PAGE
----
Austen Said:

Patterns of Diction in Jane Austen's Major Novels


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mode of speech

speaker name

"Might he be trusted with the commission, what infinite pleasure should he have in executing it! he could ride to London at any time. It was impossible to say how much he should be gratified by being employed on such an errand."
a charade, which a friend of his had addressed to a young lady, the object of his admiration,
whether Mr. Woodhouse's party could be made up in the evening without him, or whether he should be in the smallest degree necessary at Hartfield. If he were, every thing else must give way; but otherwise his friend Cole had been saying so much about his dining with him— had made such a point of it, that he had promised him conditionally to come.
he had seen them go by, and had purposely followed them;
had been going to inquire, that he might carry some report of her to Hartfield—
he should call at Mrs. Goddard's for news of her fair friend, the last thing before he prepared for the happiness of meeting her again, when he hoped to be able to give a better report;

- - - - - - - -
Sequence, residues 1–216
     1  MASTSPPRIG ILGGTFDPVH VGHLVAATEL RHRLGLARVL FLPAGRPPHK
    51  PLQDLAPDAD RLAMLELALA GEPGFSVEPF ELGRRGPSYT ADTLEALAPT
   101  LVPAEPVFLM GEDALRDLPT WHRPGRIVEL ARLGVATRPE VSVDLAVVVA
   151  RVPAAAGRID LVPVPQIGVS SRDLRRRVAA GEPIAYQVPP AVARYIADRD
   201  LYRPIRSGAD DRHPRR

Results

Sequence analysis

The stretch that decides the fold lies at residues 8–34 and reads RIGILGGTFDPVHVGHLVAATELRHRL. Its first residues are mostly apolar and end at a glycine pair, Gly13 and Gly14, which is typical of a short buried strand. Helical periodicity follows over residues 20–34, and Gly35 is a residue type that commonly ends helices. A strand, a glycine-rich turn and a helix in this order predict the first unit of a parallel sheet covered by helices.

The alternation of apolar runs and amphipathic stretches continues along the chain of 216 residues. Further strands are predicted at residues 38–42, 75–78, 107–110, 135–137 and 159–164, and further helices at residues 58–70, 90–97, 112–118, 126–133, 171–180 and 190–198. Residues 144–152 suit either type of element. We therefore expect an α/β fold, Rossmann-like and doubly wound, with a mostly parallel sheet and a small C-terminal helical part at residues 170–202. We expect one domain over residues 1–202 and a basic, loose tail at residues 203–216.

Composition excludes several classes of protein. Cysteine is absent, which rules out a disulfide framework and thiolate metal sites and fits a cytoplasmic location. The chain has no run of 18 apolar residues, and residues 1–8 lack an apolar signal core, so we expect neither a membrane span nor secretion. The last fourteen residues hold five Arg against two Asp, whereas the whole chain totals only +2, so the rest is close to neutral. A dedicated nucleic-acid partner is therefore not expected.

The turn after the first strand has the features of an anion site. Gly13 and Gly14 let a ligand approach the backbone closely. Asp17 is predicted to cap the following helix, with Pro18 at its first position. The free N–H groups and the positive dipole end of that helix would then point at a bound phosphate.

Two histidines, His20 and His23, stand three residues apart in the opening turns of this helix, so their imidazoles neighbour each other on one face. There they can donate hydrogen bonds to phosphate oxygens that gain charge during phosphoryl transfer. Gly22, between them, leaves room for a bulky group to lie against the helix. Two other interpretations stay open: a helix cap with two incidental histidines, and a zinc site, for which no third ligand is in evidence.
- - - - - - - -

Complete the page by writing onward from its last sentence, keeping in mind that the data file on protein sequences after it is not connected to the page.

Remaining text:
extremely anxious about her fair friend —her fair, lovely, amiable friend.
to refrain from visiting the sick-chamber again, for the present —
to promise him not to venture into such hazard till he had seen Mr. Perry and learnt his opinion;
availing himself of the precious opportunity,
sentiments which must be already well known,
ready to die if she refused him; but flattering himself that his ardent attachment and unequalled love and unexampled passion could not fail of having some effect,
her suspicion as most injurious,
his respect for Miss Smith as her friend,—
Miss Smith should be mentioned at all,—
a messenger had come over from Richmond soon after the return of the party from Box Hill —which messenger, however, had been no more than was expected; and that Mr. Churchill had sent his nephew a few lines, containing, upon the whole, a tolerable account of Mrs. Churchill, and only wishing him not to delay coming back beyond the next morning early; but that Mr. Frank Churchill having resolved to go home directly, without waiting at all, and his horse seeming to have got a cold, Tom had been sent off immediately for the Crown chaise, and the ostler had stood out and seen it pass by, the boy going a good pace, and driving very steady.